The second “thing” I would strive to impress upon folks with little use and/or understanding History—especially as it involves the use of force, war, and warfare—derives from Trotsky’s chilling observation that: “You may be interested in war, but war is interested in you!” It’s a reality. Ergo, as an informed citizenry, we have a paternal (social) responsibility to understand the legitimate and illegitimate use of the military instrument of power and the business of war and forms of warfare that attend this most destructive of forces.
Finally, one especially encouraging “use” of History is to identify AND understand differences in extant and/or unfolding such that you might develop and craft potential solutions to the sticky problems in the geopolitical landscape without having to suffer the horrors of war and warfare in all of its manifestations. Let me offer one example that still percolates in the Keurig of my intellect that continues unabated today. When the U.S. announced her intent to proceed with “surges” in Iraq after the insurgencies bloomed to unacceptable levels after Operation Iraqi Freedom, all the pundits and national media “experts” responded by reminding their audiences that this would just be another Vietnam, another exercise in getting bogged down in an intractable military (and political) dilemma with no clear exit strategy. OK. Got it! I see the “similarities!” But, let’s dig deeper in the History of the situation at hand to learn what might be different about the current situation AND that might indeed point to new and potentially viable solutions to the problem at hand. Said more bluntly, I get the similarities, but what’s different here, and how might the historical record serve to inform our understanding and decision-making?
Not a sermon; just a thought!
BGES Blog: Now that you have retired—kinda—what do you want to do to make your days as rich and fulfilling as they have been?
PS: I want to take my education background in the business of learning, my 30 years of active military service, and especially my 25 years of educating senior U.S. military and civilian executives and senior allied officers about the complicated and complex intricacies of national security, national defense, preparation for war (read “mobilization” and strategic resourcing), and warfare and impart the knowledge I have gained and the leadership skills I have practiced and taught over the years to better educate the American citizenry, especially younger people such that they can become more informed, contributing, and effective citizens. In this last respect, I recall when the U.S. was gearing up inevitable military operations and CNN or some other news media station interviewed high school and college students their perceptions and feelings with regard to likely U.S. combat operations in the Middle East. A similar canvass of adults was conducted. I was just appalled by the abject ignorance and lack of understanding of both cohorts of the broader imperatives of national security and especially the roles of diplomacy, economics, and especially the use of the military instrument of power (war and warfare) to achieve national political aims and objectives. I’d like to try and make some modicum of difference in this respect.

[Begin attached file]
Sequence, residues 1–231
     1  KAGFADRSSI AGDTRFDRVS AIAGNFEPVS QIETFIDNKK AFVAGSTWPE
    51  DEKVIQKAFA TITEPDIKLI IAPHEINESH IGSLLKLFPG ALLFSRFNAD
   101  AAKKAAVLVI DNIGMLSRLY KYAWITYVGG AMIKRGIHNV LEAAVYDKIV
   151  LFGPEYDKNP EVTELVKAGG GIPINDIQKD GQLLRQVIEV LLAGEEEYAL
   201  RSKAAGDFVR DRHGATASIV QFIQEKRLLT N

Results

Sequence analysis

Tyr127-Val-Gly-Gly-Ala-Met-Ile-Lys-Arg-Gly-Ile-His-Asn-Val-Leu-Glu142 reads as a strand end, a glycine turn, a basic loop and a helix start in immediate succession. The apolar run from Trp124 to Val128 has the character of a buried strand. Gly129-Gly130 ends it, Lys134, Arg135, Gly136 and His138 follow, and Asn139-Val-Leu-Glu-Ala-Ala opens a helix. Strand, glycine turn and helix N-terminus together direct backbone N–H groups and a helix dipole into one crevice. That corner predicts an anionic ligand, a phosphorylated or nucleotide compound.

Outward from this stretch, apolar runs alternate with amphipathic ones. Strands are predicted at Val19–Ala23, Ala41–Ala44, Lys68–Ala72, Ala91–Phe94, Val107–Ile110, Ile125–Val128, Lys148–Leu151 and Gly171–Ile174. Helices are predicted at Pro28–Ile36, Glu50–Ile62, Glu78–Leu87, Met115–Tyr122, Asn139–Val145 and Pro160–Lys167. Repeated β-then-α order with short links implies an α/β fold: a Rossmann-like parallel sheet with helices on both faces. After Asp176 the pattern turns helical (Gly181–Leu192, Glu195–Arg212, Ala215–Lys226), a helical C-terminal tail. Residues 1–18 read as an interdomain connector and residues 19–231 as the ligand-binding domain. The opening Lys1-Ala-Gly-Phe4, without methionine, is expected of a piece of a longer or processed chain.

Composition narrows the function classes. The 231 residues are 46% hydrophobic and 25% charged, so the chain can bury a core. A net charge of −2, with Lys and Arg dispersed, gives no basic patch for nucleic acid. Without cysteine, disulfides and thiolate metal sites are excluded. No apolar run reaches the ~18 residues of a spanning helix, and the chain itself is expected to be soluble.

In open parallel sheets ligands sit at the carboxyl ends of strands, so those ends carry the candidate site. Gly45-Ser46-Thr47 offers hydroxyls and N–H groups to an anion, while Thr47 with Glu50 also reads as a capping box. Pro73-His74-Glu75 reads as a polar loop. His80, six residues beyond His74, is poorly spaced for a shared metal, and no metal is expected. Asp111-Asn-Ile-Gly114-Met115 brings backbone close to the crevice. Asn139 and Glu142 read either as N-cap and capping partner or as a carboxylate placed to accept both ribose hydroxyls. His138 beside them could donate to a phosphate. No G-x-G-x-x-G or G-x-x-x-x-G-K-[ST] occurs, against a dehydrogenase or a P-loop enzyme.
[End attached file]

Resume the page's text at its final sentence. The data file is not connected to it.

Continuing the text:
BGES Blog: Finally, you have embraced BGES. What do you like about the organization?
PS: First and foremost, at the end of the day, the Society is a true educational “tour de force.” Unlike many organizations that offer “rides” to battlefield sites, our Society chooses to go deep into the events it studies and supports, providing for truly comprehensive and effective learning for the serious student. On the flip side, the folks I have met on my two major field studies to date have just been delightful: knowledgeable, cordial, and committed to their learning. For a Historian squiring folks around a battlefield, it really doesn’t get much better than that! That being said, perhaps overly influenced by my doctoral pursuits in Adult Learning, if I had one “wish” to sweeten the pot, it would be to develop and pursue more “seminar-style” engagement and “give-and-take,” where the attendees contribute more to the collaborative learning of the group, vice the largely, “me talk, you listen and absorb” interventions. This worked well on the December Fredericksburg foray with Greg Mertz and Len. The more the merrier when it comes to collaborative learning!
Parker will be leading the upcoming tour, “The 1864 Red River Campaign.” Learn more and sign up here.